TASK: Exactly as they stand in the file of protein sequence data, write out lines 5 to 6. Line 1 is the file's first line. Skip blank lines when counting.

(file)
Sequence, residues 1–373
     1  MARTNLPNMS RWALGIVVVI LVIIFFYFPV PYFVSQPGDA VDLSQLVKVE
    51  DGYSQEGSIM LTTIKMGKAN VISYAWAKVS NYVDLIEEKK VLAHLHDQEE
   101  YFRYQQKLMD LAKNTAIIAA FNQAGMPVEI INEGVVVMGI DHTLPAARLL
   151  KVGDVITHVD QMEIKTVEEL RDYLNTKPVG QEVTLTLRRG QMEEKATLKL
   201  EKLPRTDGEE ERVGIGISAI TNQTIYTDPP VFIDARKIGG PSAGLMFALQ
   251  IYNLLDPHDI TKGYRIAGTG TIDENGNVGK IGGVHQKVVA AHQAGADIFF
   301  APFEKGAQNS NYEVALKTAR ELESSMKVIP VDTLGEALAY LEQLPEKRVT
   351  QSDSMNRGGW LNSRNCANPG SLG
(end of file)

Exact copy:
   151  KVGDVITHVD QMEIKTVEEL RDYLNTKPVG QEVTLTLRRG QMEEKATLKL
   201  EKLPRTDGEE ERVGIGISAI TNQTIYTDPP VFIDARKIGG PSAGLMFALQ